Are you a fan of the 2015 film Carol starring Cate Blanchett and Rooney Mara? If so, do you remember the beautiful cinematography – the saturated primary colours, the cold landscapes and the deep light? Every shot looked like a painstakingly detailed painting.
Carol’s cinematography bears an uncanny resemblance to Saul Leiter’s photographs. Leiter’s photographs are rich and ready to be unpacked – they need to be looked at, looked at again and closely dissected. They appear to be staged but they are, in fact, snapshots of real life. Like Carol, many of Leiter’s photographs are from the 1950s.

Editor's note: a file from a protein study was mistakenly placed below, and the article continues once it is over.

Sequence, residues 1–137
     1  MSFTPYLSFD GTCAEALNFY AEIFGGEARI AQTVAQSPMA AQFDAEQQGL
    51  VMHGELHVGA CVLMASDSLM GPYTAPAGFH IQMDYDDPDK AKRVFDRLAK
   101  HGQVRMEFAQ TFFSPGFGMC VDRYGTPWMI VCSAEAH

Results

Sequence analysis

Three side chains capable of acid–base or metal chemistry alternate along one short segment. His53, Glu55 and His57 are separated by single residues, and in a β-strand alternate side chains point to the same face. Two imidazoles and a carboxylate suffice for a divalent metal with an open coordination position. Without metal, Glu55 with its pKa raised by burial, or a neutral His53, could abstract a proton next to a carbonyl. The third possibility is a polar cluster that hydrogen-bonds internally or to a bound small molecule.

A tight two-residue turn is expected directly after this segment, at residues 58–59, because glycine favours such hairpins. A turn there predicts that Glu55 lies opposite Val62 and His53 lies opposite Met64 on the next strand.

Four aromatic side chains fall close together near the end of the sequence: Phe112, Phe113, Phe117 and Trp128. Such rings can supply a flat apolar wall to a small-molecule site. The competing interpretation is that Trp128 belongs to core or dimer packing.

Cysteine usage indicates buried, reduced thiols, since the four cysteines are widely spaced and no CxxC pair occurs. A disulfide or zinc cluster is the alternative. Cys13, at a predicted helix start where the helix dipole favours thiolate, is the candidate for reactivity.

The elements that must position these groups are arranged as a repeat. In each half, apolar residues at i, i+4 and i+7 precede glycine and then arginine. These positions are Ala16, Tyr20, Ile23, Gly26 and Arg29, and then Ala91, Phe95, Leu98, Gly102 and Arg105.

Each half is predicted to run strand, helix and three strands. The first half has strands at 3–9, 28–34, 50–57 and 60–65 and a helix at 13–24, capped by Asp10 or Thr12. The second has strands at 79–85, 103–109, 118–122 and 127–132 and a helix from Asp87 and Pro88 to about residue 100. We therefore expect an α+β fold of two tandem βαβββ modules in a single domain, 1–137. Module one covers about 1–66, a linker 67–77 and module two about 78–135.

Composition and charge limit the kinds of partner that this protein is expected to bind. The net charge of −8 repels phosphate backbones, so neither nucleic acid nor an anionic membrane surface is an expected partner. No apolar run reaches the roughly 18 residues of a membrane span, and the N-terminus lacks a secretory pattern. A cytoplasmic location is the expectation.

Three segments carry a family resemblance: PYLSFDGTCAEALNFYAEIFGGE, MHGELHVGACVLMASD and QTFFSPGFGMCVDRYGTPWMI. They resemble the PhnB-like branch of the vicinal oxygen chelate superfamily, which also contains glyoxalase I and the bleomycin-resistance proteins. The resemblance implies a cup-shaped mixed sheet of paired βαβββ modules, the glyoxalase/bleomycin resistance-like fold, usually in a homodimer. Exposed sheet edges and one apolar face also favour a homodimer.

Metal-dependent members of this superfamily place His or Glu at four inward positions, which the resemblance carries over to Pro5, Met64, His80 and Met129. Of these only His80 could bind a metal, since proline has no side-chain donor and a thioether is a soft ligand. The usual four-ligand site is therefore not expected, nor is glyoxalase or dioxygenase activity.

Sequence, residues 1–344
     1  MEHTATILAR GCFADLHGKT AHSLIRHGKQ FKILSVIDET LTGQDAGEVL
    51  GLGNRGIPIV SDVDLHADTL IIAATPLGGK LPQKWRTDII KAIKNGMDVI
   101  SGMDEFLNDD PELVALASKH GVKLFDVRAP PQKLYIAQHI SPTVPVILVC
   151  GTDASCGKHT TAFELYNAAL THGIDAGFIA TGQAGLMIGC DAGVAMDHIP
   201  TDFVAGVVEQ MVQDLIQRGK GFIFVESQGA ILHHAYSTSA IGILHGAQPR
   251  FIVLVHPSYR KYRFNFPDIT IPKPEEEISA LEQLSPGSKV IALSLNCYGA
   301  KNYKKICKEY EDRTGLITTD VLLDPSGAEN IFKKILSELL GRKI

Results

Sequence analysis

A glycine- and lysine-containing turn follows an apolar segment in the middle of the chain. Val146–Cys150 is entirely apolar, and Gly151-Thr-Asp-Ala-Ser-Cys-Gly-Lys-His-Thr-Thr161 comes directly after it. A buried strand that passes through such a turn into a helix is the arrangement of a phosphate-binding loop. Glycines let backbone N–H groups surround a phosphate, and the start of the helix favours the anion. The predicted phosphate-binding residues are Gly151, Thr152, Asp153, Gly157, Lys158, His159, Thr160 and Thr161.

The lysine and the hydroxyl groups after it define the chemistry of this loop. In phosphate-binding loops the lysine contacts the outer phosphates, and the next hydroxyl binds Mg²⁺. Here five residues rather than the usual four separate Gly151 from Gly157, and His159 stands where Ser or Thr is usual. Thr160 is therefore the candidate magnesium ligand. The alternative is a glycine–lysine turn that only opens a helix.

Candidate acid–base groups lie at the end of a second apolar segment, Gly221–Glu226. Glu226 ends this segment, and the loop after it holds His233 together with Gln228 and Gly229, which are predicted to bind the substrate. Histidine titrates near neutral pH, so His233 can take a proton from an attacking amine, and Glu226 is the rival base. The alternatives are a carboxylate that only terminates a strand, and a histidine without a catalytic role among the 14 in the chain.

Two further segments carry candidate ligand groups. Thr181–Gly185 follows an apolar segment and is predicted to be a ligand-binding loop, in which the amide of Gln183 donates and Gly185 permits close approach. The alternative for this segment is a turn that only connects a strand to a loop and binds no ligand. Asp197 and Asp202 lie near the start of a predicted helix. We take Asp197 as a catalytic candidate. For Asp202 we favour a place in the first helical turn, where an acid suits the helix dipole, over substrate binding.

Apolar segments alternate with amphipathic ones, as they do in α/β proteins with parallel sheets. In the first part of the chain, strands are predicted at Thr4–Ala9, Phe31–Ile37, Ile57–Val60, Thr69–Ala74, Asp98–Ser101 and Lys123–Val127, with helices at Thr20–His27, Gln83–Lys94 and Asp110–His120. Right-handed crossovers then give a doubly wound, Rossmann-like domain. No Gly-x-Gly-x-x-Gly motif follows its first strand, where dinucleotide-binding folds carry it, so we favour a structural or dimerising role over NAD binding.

Leiter was a Jewish American photographer who received his first camera at age 12. He abandoned his aspirations to become a Rabbi and moved to New York to become a painter. Here, he met the Abstract Expressionist painter, Richard Pousette-Dart. Pousette-Dart and (renowned photojournalist) W. Eugene Smith encouraged Leiter to take photographs. In 1948, he started taking colour photographs. He belonged the New York School of Photography of the 1940s-1950s.